- The Washington Times - Friday, November 28, 2008



The quotation “Whisky is for drinking, water is for fighting over” is famously ascribed to Mark Twain. There’s no proof he actually said this, but if he didn’t, he should have.

The quotation refers, of course, to the frontier West in the 1800s - Twain was a sometime resident of both San Francisco and the silver-mining boom town of Virginia City, Nev. But when most of us think of Twain we think of the Mississippi River, which he navigated as a steamboat pilot.

On the mighty Mississippi no one fights over water. There’s plenty to drink, not that it keeps anyone away from the whisky. But if Twain were alive today, he might update the water quotation, making it more relevant to today’s Mississippi: Whisky is for drinking, dirt is for fighting over. Or more precisely, sediment.

The Mississippi and its tributaries drain an astonishing 41 percent of the continental United States. The resulting flow - during spring floods often exceeding 2 million cubic feet of water per second - reaches the Gulf of Mexico through Louisiana’s Mississippi River Delta. This water carries the eroding land mass of the heartland, hundreds of millions of tons of liquid land a year.

Up and down the river system, from Minneapolis to New Orleans, sediment management has become a nightmare. Far north, in the system of locks and dams built to allow river navigation, sediment settles and must be removed at great expense. At the very end of the river, Head of Passes, the Army Corps of Engineers fought and won its biggest 19th-century battle by opening the river to oceangoing navigation. Today it spends the majority of the national dredging budget, hundreds of millions of dollars per year, defending that victory against shoal-creating sediment.

But this sediment, this dirt, might be a nuisance for the Army Corps, but it’s not waste. It is a critical building material, particularly for the 5,000-square-mile Delta wetlands complex. The Corps’ management system for the river provides navigation access and flood control, but it has starved the magnificent Delta swamps and marsh of the sediment they need to live and grow. After all, a delta is nothing more than a vast pile of sediment built and sustained against the sea, over millennia, by a river.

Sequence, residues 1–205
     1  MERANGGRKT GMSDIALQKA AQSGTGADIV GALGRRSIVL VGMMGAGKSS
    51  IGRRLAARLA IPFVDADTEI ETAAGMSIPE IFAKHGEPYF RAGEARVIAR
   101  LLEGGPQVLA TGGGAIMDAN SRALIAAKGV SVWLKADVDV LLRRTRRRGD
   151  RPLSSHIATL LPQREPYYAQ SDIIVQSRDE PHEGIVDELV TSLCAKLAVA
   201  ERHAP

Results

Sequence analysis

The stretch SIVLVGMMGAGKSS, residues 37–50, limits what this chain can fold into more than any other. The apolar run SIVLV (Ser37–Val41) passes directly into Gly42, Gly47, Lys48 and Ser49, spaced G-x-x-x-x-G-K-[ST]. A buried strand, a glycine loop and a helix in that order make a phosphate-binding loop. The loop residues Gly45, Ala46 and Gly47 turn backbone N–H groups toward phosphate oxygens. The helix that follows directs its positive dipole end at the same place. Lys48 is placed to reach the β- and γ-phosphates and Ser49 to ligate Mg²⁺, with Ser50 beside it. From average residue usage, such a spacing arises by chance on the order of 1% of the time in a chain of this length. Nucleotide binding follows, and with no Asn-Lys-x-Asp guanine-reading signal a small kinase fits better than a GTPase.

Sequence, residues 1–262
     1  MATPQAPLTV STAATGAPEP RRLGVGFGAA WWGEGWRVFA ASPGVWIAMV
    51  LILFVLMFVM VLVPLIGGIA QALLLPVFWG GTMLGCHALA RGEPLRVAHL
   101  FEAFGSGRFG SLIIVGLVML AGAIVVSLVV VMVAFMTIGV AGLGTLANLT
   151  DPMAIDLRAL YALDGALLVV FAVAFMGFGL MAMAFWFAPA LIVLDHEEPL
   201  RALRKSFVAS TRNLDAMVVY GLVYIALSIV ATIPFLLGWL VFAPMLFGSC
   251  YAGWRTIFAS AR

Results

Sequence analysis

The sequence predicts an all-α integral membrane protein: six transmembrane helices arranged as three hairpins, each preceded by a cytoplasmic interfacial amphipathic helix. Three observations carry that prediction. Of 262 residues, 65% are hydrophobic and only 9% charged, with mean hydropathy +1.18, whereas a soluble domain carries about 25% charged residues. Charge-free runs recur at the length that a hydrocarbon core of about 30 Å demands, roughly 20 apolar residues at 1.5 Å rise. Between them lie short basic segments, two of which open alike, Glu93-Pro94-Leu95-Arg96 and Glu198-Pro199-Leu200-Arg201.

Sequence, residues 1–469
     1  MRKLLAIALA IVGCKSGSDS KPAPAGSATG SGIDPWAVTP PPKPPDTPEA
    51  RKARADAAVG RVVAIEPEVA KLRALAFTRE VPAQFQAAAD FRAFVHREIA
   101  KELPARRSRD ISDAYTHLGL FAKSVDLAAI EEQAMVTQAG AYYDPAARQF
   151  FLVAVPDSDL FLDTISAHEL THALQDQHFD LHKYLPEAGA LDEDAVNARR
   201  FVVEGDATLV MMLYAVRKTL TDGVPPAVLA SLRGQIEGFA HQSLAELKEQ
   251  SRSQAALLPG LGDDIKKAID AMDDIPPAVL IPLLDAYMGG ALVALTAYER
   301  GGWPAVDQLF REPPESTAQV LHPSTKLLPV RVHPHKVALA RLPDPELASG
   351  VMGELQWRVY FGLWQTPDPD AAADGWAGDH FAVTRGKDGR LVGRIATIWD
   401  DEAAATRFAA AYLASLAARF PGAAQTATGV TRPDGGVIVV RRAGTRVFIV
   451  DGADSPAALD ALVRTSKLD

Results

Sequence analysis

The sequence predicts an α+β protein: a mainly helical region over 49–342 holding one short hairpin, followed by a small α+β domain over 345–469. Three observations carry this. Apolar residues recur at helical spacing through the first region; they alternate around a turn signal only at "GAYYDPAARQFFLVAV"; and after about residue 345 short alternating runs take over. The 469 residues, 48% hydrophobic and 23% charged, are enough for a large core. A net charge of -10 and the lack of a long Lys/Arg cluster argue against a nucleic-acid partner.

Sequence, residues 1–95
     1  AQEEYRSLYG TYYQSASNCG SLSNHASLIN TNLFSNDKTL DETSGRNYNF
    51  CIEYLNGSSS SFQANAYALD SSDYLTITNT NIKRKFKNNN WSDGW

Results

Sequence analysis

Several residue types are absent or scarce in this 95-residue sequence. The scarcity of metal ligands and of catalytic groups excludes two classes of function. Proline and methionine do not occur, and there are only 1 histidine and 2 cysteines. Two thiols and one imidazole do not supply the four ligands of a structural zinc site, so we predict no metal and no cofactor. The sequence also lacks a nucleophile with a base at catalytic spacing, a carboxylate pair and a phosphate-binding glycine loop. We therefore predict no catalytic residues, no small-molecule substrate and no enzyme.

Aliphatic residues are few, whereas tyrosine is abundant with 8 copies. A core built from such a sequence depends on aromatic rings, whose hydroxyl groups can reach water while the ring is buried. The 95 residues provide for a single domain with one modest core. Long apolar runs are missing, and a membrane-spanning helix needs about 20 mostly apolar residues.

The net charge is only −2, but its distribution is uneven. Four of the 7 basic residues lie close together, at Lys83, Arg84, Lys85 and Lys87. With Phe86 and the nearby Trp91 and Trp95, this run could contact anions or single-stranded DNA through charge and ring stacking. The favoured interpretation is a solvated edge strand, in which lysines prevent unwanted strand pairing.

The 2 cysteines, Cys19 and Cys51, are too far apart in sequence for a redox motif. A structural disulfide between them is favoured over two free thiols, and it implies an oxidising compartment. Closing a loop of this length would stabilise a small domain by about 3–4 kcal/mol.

As a result of the Corps’ management, since 1930 more than 2,000 of the original 7,000 square miles of the Delta have withered, replaced by open water. The rest of the system is in cardiac arrest, dying quickly.

Not only is this unique and magnificent ecosystem in collapse, but as a result New Orleans and Louisiana’s bayou communities have, in effect, been forcibly relocated by the federal government closer to the Gulf and the path of hurricanes. Since 2005, the damage caused in large part by that forced relocation has cost America well in excess of $100 billion.

Even though Congress has directed the Corps to give preserving and restoring river ecosystems the same priority as navigation and flood control, the agency can’t seem to bring itself to do it. Earlier this month, astonished New Orleans residents awoke to Page One news that the Corps demanded closure of the West Bay diversion, an innovative pilot project designed to bring sediment back into the wetlands and restore tens of thousands of acres. Why? Because the Corps feared 20 private parking spaces for ships were inadvertently filling with sediment. Parking spaces trumped survival.

This decision must be reversed. With Louisiana Gov. Bobby Jindal and Louisiana residents agreeing - in some polls by more than 80 percent - that their economy and physical safety are significantly and immediately threatened unless the wetlands loss is reversed, the Corps’ ham-handed action might be the first shot fired in a fight over sediment.

Unlike water in the 19th-century West, though, this isn’t a zero-sum game. To navigation, sediment is a significant threat. To the delta, it’s a critical missing resource. In late 2007, Congress passed a law authorizing the Corps to revise its river management plan so that it could restore the Delta wetlands while maintaining navigation and flood control.

It also authorized an immediate program of system-scale pilot projects to take unwanted sediment out of navigation areas and use it to build wetlands. Both efforts remain unstarted, even though this year Louisiana put up more than $100 million to help fund this federal obligation, and promised continuing support.

As the economist Milton Friedman really did say, “Only a crisis, real or perceived, produces real change. When that crisis occurs, the actions that are taken depend on the ideas that are lying around.”

The people and leadership of Louisiana stand with national environmental groups, ready to join the Corps and the economic interests dependent on the river in forging this new plan. We’ve got a crisis, and the ideas are lying around, but if the Corps fails to pick up those ideas and grasp extended hands we may instead need a fight over dirt. Pass the whisky.

Paul Harrison is a senior director for the Environmental Defense Fund’s Center for Rivers and Deltas. He focuses on restoration projects along the Mississippi River and the Gulf Coast.

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